The defective coil came in a clear plastic zip-lock baggie and suggests that someone had already returned it and it was just put back in stock, as it still looked new.
If any two of the opposite side coil compass diagrams were swapped, then the readings would match the diagram.
In either situation, I am not sure which is right, the diagram or the coils, but I would vote for these coils being correct.
This time the readings were South - South - North - North. In this case go clockwise from the lower left coil to read the 1 2 3 4 photo numbers.
Ron Patterson called me and told me that my test procedure was flawed. He said the pole pieces had to be vertical, like they were in the generator for a valid test and asked me to place them in that position, cross the wires and apply the + voltage to the proper wire, which was on the left as shown above after the coils were positioned vertical and the wires crossed, as shown in the above diagram from Page 22.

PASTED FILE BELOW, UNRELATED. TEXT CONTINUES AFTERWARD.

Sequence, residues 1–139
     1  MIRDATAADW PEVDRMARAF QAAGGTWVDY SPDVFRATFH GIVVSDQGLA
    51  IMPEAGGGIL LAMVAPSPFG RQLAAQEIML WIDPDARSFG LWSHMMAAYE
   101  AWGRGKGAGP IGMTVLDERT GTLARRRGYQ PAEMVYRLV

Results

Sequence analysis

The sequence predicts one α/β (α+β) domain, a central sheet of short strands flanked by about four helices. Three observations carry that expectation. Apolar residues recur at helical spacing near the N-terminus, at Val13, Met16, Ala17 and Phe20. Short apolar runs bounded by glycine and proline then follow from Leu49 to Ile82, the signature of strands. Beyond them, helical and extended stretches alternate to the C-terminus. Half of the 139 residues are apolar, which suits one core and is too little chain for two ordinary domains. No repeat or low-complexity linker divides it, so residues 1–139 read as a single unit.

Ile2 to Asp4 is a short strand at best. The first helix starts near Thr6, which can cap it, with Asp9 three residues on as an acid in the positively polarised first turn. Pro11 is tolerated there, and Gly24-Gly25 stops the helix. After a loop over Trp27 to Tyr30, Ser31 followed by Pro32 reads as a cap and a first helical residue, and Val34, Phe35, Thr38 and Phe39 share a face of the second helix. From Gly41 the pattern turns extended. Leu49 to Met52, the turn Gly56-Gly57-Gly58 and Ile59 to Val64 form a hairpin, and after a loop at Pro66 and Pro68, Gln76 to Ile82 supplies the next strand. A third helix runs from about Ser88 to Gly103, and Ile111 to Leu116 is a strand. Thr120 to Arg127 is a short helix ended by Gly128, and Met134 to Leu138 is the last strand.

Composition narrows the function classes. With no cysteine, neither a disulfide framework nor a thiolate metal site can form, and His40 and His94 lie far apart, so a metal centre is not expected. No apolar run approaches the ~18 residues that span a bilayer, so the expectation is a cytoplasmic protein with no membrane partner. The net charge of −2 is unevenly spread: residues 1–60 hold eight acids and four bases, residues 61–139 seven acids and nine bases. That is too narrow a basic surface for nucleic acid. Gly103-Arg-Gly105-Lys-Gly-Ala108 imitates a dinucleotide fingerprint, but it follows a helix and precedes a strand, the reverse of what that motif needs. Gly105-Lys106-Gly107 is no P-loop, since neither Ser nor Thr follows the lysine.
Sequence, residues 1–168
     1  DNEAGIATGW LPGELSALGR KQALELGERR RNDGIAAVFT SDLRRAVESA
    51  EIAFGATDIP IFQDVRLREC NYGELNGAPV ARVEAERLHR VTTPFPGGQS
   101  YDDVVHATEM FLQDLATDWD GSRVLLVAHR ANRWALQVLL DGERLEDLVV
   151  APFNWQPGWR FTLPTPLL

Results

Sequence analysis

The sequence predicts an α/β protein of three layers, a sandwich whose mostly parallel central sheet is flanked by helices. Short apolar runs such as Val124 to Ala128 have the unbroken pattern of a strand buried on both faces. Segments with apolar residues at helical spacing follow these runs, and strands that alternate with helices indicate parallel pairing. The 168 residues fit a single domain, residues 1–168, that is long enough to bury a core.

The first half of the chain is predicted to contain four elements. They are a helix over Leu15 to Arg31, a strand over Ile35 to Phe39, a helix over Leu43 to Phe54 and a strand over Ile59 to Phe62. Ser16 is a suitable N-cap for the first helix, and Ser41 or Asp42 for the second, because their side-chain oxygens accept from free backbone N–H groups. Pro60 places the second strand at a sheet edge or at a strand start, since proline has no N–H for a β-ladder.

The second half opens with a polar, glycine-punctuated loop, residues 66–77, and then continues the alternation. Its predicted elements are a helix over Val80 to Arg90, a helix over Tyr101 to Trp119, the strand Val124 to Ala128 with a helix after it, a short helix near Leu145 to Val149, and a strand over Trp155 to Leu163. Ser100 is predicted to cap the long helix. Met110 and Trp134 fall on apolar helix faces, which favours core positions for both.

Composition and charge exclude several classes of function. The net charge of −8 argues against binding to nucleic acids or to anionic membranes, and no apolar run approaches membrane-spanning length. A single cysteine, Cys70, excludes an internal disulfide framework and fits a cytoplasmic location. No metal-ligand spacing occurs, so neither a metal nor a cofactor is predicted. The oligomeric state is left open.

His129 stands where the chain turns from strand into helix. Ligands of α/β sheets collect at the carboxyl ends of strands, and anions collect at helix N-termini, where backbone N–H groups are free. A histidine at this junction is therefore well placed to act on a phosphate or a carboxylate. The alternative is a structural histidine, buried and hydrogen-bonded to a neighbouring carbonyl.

Then the results were different and correct!
Note in the above photo that the wires are crossed to aline the photo with the diagram on Page 22 and the black - clip lead is on the right and the red + lead is on the left.
The can is a Never-Dull can and just right in size and height.
James, your first test where you have the field coil laid out on a board would work, but you have the compass in the wrong place. Think each coil as a donut and the iron pole piece is in the donut hole. The magnetic flux that the coil makes goes through the donut hole and the pole piece. You need to place the compass perpendicular to the iron pole piece and you should get the proper polarity. If you look at the second set up, the one that Ron told you to do. The compass is perpendicular to the pole piece and that is why it worked and your first set up did not. In the first setup your compass was not in the line of magnetic flux.
I had a similar conversation with Jim today.
In simply I reminded him of the "right hand thumb rule" he forgot from Electricity 101.
Ron the Coilman